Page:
Chamberlain of the Kandake
The Lord, who had chosen him from the start, / Has so graciously blessed his ways / That he is come onto life’s straight path / The first reaped fruit of the converted moors. / He read the old scripture the which he did not comprehend / He heard Christ’s doctrine from Philip’s mouth, / And, letting in haste his wheels fall still, / Received from him the baptism with a believing heart, / His outer skin may have remained right black / But whiter than the snow became he in his soul
Translation Over-Ysselsche sangen en dichten, tweede boeck, Jacob Revius 1630
Van Swanevelt’s painting shows the last scene from the Revius poem quoted above.
The Apostle Philip is baptizing the Chamberlain in the water of a river. To the left are a carriage and the Chamberlain’s watching attendants. The Chamberlain is nude, with only a white cloth around his hips and a white earring, a pearl, in his ear. He holds his hands folded on his chest.
The three African and two European figures observing his baptism direct the viewer’s gaze towards the action.
The interaction between the characters resembles that in Pieter Lastman’s Baptism of the Chamberlain (1608) in the Staatliche Museen in Berlin. Even the clothing is similar, for in Lastman’s work the Chamberlain also has a white cloth draped around him and a pearl in his ear. The Bible so evident in the painting by Lastman (c. 1583 –1633) is a typically Protestant addition to the scene which is intended to emphasise the role played by the Bible in the Chamberlain’s baptism. Rembrandt 1606 –1669 and Albert Cuyp 1620 –1691 copied Lastman in this regard, for they included prominently displayed Bibles in their works.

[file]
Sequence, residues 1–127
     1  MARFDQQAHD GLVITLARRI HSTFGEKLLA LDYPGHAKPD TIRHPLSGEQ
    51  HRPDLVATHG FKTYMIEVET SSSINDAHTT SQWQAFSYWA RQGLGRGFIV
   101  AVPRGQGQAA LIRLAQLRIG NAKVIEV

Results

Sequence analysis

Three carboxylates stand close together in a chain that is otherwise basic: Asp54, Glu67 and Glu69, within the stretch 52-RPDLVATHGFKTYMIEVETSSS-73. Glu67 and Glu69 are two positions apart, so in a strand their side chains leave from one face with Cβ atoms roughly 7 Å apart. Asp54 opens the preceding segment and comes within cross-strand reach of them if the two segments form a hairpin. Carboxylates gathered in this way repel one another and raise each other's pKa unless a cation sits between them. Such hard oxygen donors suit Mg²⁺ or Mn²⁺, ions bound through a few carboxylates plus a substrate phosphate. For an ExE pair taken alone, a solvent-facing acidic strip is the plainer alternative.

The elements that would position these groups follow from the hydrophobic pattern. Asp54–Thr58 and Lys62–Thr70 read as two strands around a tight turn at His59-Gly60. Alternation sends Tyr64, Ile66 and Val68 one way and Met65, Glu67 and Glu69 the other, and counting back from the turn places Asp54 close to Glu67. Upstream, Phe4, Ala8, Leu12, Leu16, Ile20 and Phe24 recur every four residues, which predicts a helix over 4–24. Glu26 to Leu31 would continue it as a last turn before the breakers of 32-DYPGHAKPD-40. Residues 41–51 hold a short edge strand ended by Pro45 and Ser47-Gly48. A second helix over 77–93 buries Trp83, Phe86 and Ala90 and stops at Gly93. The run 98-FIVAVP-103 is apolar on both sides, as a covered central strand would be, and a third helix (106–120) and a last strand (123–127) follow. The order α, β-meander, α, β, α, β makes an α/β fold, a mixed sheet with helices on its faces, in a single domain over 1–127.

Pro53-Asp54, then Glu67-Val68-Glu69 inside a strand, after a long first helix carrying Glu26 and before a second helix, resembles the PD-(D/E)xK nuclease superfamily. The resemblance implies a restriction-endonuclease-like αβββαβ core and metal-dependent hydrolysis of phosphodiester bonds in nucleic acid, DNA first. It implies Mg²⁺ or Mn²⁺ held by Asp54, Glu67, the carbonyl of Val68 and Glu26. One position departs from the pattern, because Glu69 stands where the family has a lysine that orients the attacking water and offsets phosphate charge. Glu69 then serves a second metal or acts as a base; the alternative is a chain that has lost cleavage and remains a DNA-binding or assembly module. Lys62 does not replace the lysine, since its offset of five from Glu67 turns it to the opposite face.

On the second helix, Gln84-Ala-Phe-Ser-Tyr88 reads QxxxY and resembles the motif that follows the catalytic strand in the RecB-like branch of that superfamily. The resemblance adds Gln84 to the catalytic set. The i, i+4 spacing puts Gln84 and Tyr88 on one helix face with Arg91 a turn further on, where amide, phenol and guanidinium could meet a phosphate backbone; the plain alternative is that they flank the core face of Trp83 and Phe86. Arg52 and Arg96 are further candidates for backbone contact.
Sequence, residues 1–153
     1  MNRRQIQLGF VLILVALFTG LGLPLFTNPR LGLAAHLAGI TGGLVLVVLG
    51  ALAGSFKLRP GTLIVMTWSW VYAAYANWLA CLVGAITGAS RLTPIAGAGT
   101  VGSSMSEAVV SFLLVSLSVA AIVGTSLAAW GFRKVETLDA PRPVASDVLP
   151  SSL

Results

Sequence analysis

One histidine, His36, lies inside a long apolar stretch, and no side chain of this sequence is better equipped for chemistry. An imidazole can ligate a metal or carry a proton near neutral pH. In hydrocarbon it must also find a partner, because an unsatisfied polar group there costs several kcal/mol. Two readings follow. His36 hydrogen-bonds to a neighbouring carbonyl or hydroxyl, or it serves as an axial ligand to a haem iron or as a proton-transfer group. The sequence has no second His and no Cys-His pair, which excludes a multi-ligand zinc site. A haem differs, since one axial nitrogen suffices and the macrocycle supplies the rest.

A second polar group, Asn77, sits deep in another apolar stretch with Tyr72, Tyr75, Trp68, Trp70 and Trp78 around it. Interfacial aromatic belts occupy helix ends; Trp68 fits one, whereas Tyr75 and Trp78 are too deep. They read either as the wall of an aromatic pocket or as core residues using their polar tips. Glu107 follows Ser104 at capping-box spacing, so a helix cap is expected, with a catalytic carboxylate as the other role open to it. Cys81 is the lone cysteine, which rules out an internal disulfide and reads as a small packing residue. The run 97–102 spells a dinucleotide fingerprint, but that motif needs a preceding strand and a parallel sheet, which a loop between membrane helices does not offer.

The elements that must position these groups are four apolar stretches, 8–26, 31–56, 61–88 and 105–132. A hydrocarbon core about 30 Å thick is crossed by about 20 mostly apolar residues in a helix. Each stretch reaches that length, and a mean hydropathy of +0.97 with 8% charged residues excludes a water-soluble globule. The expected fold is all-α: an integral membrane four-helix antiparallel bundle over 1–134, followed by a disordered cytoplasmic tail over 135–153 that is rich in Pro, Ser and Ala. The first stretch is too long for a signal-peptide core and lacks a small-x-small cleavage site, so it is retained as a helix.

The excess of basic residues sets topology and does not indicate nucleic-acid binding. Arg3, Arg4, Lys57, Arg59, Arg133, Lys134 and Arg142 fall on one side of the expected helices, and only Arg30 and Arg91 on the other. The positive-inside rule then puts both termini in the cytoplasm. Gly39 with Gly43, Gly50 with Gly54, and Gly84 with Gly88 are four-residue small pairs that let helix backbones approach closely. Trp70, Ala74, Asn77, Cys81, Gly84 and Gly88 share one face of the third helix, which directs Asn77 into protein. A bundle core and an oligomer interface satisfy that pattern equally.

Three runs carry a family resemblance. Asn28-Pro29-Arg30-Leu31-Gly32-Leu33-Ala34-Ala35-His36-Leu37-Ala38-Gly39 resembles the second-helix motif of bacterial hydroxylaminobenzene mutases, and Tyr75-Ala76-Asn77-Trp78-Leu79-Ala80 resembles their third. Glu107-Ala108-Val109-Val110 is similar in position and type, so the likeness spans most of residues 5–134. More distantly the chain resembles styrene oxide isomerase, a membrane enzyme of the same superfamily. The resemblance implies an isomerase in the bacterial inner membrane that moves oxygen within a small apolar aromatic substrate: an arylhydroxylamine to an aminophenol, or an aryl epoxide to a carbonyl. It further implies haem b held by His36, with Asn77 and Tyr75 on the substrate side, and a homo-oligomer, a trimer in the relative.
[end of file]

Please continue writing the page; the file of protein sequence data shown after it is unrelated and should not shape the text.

Protestant Van Swanevelt probably produced his painting for the Catholic market in Rome where he lived and worked, which may explain why there is no Bible in his picture. Herman van Swanevelt acquired the soubriquets Armand d’Italie and Herman d’Italie. An Italianate artist, he derived his inspiration from the Italian light, landscape and people. Magnificent imaginary landscapes staffed with carefully executed biblical, peasant or travelling scenes formed his main subjects.
From 1629 to 1641 Van Swanevelt lived in Rome, where he also painted this picture. He worked for the most prestigious collectors in the city and was succeeded there by Dutch painters such as Jan Both (c. 1618 –1652) and Nicolaes Berchem 1621 –1683 and the Frenchman Claude Lorrain 1600 –1682. In 1639 –1641 Jan Both painted a Baptism of the Chamberlain which is closely related to Swanevelt’s.
Esther Schreuder from the Black is beautiful, Rubens to Dumas exhibition catalogue
See for a Catholic version of the Baptism by Bloemaert >Black in the collection of the Centraal museum<
In 2008 I was the guest-curator of the exhibition Black is beautiful. Rubens to Dumas. Important advisors Elizabeth McGrath (Rubens and colleagues/ The Image of the Black coll. in the Warburg Institute), Carl Haarnack (slavery in books), Elmer Kolfin (slavery in prints and paintings) en Adi Martis (contemporary art). Gary Schwartz made his research for The Image of the Black in Western Art available to me.
In 2014 my essay ‘Painted Blacks and Radical Imagery in the Netherlands (1900-1940)’ was published in The Image of the Black in Western Art Volume V (I). (ed. David Bindman, Henry Louis Gates jr.)
In 2017 I published a book about the black servants at the Court of the Royal Van Oranje family. More than a thousand documents have been found about their lives. (only in Dutch)
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